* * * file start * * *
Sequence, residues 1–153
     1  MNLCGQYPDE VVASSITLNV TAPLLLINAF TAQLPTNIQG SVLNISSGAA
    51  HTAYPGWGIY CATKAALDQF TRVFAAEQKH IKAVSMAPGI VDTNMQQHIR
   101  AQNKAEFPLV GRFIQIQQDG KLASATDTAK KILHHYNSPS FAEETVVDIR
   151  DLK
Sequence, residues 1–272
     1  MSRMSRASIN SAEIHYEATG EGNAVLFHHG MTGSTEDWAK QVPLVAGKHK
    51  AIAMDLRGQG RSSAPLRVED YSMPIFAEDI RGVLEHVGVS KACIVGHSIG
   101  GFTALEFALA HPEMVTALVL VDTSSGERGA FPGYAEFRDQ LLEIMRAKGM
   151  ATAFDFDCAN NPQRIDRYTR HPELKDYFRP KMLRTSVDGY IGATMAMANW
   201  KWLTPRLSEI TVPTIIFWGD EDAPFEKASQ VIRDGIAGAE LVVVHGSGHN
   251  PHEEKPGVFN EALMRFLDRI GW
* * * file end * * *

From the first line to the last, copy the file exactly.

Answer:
Sequence, residues 1–153
     1  MNLCGQYPDE VVASSITLNV TAPLLLINAF TAQLPTNIQG SVLNISSGAA
    51  HTAYPGWGIY CATKAALDQF TRVFAAEQKH IKAVSMAPGI VDTNMQQHIR
   101  AQNKAEFPLV GRFIQIQQDG KLASATDTAK KILHHYNSPS FAEETVVDIR
   151  DLK
Sequence, residues 1–272
     1  MSRMSRASIN SAEIHYEATG EGNAVLFHHG MTGSTEDWAK QVPLVAGKHK
    51  AIAMDLRGQG RSSAPLRVED YSMPIFAEDI RGVLEHVGVS KACIVGHSIG
   101  GFTALEFALA HPEMVTALVL VDTSSGERGA FPGYAEFRDQ LLEIMRAKGM
   151  ATAFDFDCAN NPQRIDRYTR HPELKDYFRP KMLRTSVDGY IGATMAMANW
   201  KWLTPRLSEI TVPTIIFWGD EDAPFEKASQ VIRDGIAGAE LVVVHGSGHN
   251  PHEEKPGVFN EALMRFLDRI GW